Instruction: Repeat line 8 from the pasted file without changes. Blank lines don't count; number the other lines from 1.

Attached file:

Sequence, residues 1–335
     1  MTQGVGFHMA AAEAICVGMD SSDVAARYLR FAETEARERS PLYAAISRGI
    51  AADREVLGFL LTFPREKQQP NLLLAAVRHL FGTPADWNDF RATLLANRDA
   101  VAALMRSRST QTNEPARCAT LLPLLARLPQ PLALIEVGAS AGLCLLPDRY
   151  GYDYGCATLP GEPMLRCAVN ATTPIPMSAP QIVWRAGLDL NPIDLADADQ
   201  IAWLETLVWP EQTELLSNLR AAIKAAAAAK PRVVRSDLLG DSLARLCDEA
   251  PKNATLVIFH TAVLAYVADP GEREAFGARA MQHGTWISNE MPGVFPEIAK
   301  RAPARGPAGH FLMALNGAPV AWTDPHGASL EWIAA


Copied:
   301  RAPARGPAGH FLMALNGAPV AWTDPHGASL EWIAA